ferred to as cell cultures (referred to by some as tissue cultures), originate as a few cells and grow into a monolayer on the sides of glass or plastic test tubes. Cells are kept moist and supplied with nutrients by keeping them continuously immersed in cell culture medium (Figure 51-21). Cell cultures are routinely incubated in a roller drum that holds cell culture test tubes tilted 5 to 7 degrees while they slowly revolve ('6 to 1 rpm) at 35° to 37° C (see Figure 51-5). Incubation of cell culture tubes in a stationary rack can be used in place of a roller drum. Rapidly growing viruses, such as HSV, appear to be detected equivalents by both methods. Comparative studies are not available for most viruses.
Metabolism of growing cells in a closed tube results in the production of carbon dioxide and acidification of the growth liquid. To counteract the pH decrease, a bicarbonate buffering system is used in the culture medium to keep the cells at physiologic pH (pH 7.2). Phenol red—a pH indicator that is red at physiologic, yellow at acidic, and purple at alkaline pH—is added to monitor adverse pH changes. Once inoculated with specimen, cell cultures are incubated for 1 to 4 weeks, depending on the viruses suspected. Periodically the cells are inspected microscopically for the presence of virus, indicated by areas of dead or dying cells called cytopathic effect (CPE).
Two kinds of media, growth medium and maintenance medium, are used for cell culture. Both are prepared with Eagle's minimum essential medium (EMEM) in Earle's balanced salt solution (EBSS) and include antimicrobials to prevent bacterial contamination. Usual antimicrobials added are vancomycin (10 pg/mL), gen-tamicin (20 ng/mL), and amphotericin (2.5 pg/mL). Growth medium is a serum-rich (10% fetal, newborn.
or agammaglobulinemic calf serum) nutrient medium designed to support rapid cell growth This medium is used for initiating growth of cells in a tube when cell cultures are being prepared in-house or for feeding tubes of purchased cell cultures that have incomplete cell monolayers. Feeding refers to the removal of old medium followed by the addition of fresh culture medium. Maintenance medium is similar to growth medium but contains less serum (0% to 2%) and is used to keep cells in a steady state of metabolism. Fetal newborn, or agammaglobulinemic calf serum is used to avoid inhibitors, such as specific antibody, and to be free of mycoplasmas present in serum from older animals.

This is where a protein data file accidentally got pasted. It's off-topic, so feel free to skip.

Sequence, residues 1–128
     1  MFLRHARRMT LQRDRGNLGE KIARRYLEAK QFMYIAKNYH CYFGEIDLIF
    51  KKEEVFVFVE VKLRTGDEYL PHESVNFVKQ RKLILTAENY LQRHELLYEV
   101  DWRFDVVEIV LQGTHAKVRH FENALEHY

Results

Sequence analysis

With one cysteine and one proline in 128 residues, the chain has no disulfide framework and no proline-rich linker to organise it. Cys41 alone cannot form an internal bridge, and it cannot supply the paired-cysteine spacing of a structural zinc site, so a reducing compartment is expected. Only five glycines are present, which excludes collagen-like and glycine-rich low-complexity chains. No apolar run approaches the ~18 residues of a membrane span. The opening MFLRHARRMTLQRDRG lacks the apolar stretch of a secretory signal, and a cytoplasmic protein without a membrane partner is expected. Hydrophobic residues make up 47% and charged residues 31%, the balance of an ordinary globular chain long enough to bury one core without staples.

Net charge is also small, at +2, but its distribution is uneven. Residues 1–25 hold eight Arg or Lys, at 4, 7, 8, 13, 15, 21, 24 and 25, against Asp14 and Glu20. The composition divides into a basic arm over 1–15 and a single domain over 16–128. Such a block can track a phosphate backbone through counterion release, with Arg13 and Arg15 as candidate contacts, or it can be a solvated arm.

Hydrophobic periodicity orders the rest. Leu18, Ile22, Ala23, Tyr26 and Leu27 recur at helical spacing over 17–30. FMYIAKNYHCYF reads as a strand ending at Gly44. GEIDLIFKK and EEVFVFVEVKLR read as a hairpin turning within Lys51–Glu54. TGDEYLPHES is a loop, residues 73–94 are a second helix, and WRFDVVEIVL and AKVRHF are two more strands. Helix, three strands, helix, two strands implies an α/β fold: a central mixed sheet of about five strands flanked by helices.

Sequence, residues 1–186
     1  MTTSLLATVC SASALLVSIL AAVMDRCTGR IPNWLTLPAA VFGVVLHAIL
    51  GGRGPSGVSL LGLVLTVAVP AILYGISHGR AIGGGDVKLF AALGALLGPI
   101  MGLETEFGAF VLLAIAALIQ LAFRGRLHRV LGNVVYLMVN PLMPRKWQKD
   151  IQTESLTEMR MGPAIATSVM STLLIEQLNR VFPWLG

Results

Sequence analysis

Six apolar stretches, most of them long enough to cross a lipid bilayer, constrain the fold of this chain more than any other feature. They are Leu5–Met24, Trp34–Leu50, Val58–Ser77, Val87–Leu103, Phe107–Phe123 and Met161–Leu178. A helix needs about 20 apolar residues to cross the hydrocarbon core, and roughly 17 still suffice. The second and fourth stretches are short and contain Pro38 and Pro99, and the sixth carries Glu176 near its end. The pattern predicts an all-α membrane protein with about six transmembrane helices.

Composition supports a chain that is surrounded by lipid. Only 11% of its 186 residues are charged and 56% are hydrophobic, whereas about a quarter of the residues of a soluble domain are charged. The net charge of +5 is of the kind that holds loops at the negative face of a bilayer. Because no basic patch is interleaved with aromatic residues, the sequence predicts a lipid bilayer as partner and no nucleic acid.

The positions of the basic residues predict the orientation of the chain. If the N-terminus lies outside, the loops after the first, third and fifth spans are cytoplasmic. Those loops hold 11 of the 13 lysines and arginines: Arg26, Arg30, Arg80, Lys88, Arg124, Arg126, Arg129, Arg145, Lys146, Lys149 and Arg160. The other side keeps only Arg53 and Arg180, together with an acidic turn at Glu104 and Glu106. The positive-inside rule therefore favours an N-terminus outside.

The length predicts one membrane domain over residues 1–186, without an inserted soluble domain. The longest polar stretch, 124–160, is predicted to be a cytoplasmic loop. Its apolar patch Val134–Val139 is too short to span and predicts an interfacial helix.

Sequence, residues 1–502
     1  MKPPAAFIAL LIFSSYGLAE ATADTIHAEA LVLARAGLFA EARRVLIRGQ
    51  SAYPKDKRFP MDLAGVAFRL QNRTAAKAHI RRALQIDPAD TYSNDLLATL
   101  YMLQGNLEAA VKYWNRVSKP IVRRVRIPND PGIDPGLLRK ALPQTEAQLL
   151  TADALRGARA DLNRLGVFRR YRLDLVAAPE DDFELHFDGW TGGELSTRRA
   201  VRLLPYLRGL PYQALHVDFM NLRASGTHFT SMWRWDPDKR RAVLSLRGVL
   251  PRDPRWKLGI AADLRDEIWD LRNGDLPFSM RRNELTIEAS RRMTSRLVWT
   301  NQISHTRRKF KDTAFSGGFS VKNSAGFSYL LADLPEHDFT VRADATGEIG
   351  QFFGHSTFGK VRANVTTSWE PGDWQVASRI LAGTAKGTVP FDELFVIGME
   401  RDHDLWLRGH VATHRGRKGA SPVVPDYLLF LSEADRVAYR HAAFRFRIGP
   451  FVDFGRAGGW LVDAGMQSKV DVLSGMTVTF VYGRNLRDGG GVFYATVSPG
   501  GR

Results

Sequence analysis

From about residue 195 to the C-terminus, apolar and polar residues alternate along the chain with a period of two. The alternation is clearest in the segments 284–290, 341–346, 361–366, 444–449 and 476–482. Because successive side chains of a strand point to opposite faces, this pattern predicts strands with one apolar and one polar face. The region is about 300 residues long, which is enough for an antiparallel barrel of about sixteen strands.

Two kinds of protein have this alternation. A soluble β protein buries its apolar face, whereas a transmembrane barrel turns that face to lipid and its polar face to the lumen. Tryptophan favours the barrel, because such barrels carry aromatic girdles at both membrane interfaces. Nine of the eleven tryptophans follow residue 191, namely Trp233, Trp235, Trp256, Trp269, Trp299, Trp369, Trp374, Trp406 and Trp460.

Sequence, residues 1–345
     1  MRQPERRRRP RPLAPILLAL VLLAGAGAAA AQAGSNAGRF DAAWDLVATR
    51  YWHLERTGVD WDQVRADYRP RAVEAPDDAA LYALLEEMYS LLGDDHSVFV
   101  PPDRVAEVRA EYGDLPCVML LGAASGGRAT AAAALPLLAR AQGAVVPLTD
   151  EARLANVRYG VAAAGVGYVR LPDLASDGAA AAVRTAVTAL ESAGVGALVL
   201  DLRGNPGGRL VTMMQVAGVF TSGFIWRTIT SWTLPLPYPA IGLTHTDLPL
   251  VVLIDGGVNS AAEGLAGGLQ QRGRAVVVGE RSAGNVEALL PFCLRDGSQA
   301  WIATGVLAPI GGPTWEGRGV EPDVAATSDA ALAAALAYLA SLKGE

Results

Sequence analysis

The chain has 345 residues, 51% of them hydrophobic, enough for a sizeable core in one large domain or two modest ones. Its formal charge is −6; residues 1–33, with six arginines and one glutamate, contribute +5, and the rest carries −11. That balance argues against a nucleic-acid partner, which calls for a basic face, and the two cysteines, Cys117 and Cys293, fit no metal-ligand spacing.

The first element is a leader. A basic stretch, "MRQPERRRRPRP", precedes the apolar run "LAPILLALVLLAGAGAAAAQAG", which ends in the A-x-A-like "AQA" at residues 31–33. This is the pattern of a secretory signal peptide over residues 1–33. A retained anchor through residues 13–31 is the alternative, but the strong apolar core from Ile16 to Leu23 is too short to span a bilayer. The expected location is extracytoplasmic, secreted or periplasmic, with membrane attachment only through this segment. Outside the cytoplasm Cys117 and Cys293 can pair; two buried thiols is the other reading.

Several kinds of cell cultures are routinely used for isolation of viruses. A cell culture becomes a cell line once it has been passed or subcultured in vitro. Cell lines are classified as primary, low passage, or continuous. Primary cell lines are those that have been passed only once or twice since harvesting, such as primary monkey kidney cells. Further passage of primary cells results in a decreased receptivity to viral infection. Low passage cell lines are those that remain virus-sensitive through 20 to 50 passages. Human diploid fibroblast cells, such as lung fibroblasts, are a commonly used low-passage cell line. Continuous cell lines such as HEp-2 cells (human epidermoid carcinoma cells), can be passed and remain sensitive to virus infections indefinitely. Unfortunately, most viruses do not grow well in continuous cell lines. The majority of dinically significant viruses can be recovered using one cell culture type from each group. A combination frequently used by clinical laboratories is Rhesus monkey kidney cells, MRC-5 lung fibroblast cells, and HEp-2 cells (Table 51-33).
Inoculated cell cultures should be incubated immediately at 35° C. After allowing virus to adsorb to the cell monolayer for 12 to 24 hours, it is common practice to remove the remaining inoculum and culture medium and replace it with fresh maintenance medium. This avoids most inoculum-induced cell culture toxicity and improves virus recovery. Incubation should be continued for 5 to 28 days depending on viruses suspected (see Table 51-33). Maintenance medium should be changed periodically (usually 1 to 2 times weekly) to provide fresh nutrients to the cells.
Blind passage refers to passing cells and fluid to a second cell culture tube. Blind passage is used to detect viruses that may not produce CPE in the initial culture tube but will when the "beefed-up" inoculum is passed to a second tube. Cell cultures that show nonspecific or ambiguous CPE are also passed to additional cell culture tubes. Toxicity, which causes ambiguous CPE, is diluted during passage and should not appear in the second cell culture tube. In both instances, passage is performed by scraping the monolayer off the sides of the tube with a pipette or disrupting the monolayer by vortexing with
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